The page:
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New Jersey Wood Finishing Co. v. Minnesota Mining and Manufacturing Co.

May 20, 1964

NEW JERSEY WOOD FINISHING CO.
v.
MINNESOTA MINING AND MANUFACTURING CO. AND ESSEX WIRE CORP.



Author: Mclaughlin

Before: BIGGS, Chief Judge, and McLAUGHLIN and HASTIE, Circuit Judges.

Opinion of the Court

By McLAUGHLIN, Circuit Judge: This is an interlocutory appeal under 28 U.S.C. Section 1292(b) from a denial of a defense motion to dismiss based on the statute of limitations.

Plaintiff-appellee is the New Jersey Wood Finishing Company (N.J. Wood), a New Jersey corporation engaged in the manufacture of certain electrical insulation products. Defendant-appellant is the Minnesota Mining and Manufacturing Company (3M), a Delaware Corporation, doing business in New Jersey and likewise engaged in the electrical insulation field.

On June 24, 1960, the Federal Trade Commission (FTC) had issued a complaint against 3M, charging that 3M "has violated and is now violating the provisions of Section 7 of the Clayton Act (U.S.C. Title 15, Section 18) as amended, * * *." That FTC complaint substantially alleged the following:

For a number of years prior to 1953, 3M was a highly diversified company, manufacturing and selling a number of product lines and segments thereof.From 1952 to 1956, 3M began to acquire the operations of a number of manufacturers and various product groups, particularly in the electrical insulation field. During this period it also bought several distributor companies. In March 1956, 3M absorbed Prehler Companies, the second largest distributor (15% of sales) of electrical insulation products in the United States, and in August 1956, it absorbed Insulation and Wires, Inc. (IWI), the third largest such distributor (14% of sales). After obtaining these corporations, 3M became the largest such distributor, having around 29% of the total sales of electrical insulation products sold and distributed by electrical instrument distributors in the United States.

By these acquisitions, 3M further became the second largest distributor of seven (7) of the electrical insulation products it manufactured and had 18% of the total sales of these products. In 1958 3M's sales of these products through its acquired distributors, increased to about 21% of the total sales of said products, while the sale of those seven products by the largest electrical insulation distributor decreased to less than 21%.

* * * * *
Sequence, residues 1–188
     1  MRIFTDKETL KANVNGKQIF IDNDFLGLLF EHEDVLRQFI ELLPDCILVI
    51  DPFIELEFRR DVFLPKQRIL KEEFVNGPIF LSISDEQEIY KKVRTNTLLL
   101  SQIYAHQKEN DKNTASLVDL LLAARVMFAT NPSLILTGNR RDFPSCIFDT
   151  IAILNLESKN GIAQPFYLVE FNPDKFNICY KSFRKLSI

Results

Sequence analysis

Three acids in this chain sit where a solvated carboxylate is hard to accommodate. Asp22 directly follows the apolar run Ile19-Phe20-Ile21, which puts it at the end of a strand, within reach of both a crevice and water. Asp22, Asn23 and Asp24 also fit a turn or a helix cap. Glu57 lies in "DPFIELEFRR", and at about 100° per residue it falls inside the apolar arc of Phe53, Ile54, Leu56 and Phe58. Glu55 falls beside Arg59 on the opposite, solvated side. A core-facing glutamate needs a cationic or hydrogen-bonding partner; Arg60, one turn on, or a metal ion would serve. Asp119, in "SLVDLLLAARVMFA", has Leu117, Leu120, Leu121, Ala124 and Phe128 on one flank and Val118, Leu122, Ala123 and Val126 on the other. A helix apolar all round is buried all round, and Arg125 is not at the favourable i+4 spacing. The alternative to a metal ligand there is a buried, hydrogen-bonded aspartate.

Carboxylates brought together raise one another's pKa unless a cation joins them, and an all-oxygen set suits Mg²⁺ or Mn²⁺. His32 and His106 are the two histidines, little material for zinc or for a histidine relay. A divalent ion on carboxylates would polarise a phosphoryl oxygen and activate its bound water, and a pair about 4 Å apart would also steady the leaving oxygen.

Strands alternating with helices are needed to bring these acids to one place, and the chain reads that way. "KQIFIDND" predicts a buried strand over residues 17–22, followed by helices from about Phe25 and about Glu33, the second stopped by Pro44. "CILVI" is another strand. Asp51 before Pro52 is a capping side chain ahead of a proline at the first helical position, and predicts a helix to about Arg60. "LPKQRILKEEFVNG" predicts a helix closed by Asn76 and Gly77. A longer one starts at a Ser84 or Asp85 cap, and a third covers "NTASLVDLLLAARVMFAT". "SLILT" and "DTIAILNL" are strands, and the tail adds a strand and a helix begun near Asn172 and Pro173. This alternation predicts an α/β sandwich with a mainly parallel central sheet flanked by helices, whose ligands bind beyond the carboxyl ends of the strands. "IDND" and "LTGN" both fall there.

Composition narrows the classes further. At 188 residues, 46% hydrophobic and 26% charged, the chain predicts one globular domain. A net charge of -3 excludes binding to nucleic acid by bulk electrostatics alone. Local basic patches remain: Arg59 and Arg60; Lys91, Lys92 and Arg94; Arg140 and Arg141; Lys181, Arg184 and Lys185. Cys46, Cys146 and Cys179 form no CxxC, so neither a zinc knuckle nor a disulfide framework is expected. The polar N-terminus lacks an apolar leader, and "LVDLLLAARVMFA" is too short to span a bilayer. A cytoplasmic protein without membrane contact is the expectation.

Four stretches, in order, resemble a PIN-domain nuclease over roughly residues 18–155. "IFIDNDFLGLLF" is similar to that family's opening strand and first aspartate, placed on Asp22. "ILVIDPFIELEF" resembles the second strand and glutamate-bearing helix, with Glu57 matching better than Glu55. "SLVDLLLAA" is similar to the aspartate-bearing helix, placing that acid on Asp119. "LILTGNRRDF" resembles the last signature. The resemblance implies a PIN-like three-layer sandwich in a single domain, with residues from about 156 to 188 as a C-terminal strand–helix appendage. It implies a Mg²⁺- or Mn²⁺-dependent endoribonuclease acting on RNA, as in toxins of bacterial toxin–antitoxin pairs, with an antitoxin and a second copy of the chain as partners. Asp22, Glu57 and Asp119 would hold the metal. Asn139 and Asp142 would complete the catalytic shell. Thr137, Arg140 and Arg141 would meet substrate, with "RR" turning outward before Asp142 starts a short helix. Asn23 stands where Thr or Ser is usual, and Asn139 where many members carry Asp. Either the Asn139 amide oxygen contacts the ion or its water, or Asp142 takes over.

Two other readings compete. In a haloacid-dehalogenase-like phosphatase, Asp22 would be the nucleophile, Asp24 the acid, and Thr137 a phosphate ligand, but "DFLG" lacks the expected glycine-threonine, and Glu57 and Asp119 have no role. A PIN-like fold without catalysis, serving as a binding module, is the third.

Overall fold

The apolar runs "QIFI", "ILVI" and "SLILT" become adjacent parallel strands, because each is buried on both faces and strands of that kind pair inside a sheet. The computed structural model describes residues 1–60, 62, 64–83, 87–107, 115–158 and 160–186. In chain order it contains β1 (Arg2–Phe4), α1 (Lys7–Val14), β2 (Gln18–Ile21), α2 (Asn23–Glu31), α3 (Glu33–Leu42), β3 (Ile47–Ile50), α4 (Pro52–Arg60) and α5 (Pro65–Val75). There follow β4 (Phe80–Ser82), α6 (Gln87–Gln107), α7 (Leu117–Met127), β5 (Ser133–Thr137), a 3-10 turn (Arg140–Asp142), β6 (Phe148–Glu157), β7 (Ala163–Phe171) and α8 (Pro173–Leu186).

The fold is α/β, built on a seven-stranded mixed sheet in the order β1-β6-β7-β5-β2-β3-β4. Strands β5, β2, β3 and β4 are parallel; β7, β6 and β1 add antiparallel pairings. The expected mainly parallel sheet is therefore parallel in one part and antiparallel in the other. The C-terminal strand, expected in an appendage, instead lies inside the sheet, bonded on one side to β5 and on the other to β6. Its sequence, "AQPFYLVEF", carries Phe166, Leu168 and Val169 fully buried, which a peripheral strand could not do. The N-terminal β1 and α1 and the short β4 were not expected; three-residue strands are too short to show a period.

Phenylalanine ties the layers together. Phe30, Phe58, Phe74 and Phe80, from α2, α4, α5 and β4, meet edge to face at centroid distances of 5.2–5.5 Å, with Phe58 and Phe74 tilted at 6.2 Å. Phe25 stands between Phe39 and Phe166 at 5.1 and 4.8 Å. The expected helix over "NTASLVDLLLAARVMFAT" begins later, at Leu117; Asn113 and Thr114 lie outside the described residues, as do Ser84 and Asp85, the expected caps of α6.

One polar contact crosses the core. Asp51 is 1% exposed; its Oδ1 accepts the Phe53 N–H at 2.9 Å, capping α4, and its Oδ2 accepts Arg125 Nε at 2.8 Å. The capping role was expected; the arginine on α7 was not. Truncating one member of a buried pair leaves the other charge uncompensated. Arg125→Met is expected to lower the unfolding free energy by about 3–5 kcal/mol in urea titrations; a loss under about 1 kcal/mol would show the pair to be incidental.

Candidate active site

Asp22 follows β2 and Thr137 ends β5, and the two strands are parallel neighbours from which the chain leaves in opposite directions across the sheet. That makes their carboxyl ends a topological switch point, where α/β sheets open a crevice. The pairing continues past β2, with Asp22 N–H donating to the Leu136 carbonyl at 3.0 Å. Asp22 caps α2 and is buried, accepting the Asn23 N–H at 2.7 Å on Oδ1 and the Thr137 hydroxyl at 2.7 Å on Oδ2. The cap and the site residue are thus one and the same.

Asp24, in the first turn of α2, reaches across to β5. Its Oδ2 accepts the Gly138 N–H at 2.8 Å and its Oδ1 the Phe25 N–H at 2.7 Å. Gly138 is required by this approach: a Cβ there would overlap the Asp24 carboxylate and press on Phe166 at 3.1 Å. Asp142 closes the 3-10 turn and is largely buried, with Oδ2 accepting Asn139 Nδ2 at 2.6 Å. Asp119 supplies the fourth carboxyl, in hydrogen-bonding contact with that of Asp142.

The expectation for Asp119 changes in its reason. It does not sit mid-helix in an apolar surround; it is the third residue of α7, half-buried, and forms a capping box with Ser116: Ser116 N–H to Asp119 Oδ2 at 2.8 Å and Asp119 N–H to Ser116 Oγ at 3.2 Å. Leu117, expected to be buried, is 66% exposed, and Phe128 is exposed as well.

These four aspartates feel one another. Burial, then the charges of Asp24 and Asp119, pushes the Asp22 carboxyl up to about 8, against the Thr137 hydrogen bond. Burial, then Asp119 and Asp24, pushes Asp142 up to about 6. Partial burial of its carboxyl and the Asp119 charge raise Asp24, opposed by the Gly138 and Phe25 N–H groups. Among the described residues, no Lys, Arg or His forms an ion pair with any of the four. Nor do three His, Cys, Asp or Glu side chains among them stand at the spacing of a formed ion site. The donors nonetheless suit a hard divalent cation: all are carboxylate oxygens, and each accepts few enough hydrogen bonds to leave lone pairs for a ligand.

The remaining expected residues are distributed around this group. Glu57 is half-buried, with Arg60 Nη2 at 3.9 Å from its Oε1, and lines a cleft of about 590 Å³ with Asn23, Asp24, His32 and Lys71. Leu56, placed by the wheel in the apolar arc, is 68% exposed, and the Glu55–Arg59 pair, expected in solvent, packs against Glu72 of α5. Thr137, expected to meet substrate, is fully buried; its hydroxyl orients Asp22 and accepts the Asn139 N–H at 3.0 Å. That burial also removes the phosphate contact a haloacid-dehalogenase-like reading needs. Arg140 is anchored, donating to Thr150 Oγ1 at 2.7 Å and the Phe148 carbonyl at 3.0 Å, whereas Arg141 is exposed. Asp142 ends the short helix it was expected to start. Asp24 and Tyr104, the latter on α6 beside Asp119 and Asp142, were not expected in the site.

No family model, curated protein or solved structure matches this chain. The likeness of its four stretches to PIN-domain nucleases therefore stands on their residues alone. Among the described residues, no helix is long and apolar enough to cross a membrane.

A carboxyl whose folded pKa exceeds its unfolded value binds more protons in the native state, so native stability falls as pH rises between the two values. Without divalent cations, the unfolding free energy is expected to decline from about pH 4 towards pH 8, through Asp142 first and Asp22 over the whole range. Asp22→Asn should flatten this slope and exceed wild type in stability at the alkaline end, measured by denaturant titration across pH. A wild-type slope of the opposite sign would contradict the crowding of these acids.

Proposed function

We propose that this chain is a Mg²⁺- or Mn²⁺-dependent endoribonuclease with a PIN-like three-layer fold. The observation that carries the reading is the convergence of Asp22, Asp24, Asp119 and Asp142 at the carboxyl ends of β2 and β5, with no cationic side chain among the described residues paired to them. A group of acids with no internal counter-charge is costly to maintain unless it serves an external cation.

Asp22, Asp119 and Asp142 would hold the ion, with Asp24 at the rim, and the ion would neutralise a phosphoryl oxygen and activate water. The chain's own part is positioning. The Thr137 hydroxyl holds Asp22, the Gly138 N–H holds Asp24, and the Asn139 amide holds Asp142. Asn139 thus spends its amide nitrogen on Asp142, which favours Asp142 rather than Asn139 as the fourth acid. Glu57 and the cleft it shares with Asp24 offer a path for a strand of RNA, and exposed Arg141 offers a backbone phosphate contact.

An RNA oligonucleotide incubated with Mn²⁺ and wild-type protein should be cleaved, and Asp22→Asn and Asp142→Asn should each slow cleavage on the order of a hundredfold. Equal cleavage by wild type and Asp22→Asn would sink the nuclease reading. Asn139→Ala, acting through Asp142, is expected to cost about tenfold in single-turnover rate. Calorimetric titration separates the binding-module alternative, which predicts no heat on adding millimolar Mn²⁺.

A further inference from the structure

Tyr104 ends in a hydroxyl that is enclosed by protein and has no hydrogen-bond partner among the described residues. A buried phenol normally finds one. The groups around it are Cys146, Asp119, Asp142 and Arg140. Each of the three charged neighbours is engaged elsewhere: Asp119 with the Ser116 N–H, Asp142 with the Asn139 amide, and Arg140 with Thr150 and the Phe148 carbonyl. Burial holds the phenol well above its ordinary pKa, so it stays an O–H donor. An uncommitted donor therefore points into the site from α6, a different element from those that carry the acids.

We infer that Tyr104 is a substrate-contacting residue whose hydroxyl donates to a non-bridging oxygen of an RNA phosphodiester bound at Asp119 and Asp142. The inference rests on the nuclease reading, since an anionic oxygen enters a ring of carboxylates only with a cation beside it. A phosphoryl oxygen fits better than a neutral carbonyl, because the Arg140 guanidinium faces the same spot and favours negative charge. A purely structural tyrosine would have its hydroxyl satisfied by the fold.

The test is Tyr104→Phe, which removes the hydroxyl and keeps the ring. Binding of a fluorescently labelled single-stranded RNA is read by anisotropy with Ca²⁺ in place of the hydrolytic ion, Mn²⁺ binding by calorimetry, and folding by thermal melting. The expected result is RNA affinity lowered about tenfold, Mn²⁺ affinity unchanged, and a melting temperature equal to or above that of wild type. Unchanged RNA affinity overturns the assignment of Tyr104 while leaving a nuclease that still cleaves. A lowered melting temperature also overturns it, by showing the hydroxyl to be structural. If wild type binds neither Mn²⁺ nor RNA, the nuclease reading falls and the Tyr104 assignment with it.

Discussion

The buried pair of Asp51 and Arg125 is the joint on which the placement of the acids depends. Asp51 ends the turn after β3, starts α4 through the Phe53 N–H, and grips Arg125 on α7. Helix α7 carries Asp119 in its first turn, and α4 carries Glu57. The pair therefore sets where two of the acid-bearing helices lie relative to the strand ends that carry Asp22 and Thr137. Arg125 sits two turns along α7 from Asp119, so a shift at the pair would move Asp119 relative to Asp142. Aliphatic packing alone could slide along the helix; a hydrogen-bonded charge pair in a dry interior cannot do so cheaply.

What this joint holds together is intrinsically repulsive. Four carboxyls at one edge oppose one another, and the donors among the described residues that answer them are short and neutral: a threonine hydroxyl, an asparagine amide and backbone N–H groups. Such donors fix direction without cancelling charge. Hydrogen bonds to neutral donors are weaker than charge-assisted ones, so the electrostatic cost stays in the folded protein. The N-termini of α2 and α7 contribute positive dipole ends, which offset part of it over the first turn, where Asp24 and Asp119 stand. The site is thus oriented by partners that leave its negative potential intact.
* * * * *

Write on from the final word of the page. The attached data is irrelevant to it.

By virtue of 3M's acquisition of these distributor corporations, other manufacturers who had previously dealt with Prehler and IWI found this market closed to them. Similarly other distributors, who had been supplied with products by 3M and the other manufacturers 3M acquired, found this source of supply cut off.

The FTC complaint asserted that the effect of the acquisitions of Prehler and IWI, and of each of them, by 3M may be substantially to lessen competition or to tend to create a monopoly in the manufacture, distribution, and sale of electrical insulation products, individually and collectively in various sections of the country within the meaning of Section 7 of the Clayton Act as amended. The complaint thereafter specified these injurious effects.*fn1

The FTC complaint concluded by charging that:

"The foregoing acquisitions, acts and practices of respondent, * * * constitute a violation of Section 7 of the Clayton Act as amended and approved December 29, 1950:

"WHEREFORE, THE PREMISES CONSIDERED, the Federal Trade Commission on this 24th day of June, A.D. 1960 issues its complaint against said respondent."

Apparently before any testimony was taken, this FTC proceeding was terminated by consent order entered July 20, 1961, under which 3M was ordered inter alia to divest itself absolutely of all the assets of Insulation and Wires Division (IWI) of the Essex Wire Corporation and its related corporations.

On November 20, 1961, N.J. Wood filed its complaint in this action alleging that 3M had violated Section 1 and Section 2 of the Sherman Act (15 U.S.C. Section 1, 2 (1958)) and Section 7 of the Clayton Act (15 U.S.C. 18 (1958)) to its (N.J. Wood's) injury, for which under Section 4 of the Clayton Act (15 U.S.C. 15 (1958)) it was entitled to treble damages. N.J. Wood claimed that 3M had acquired IWI in ...


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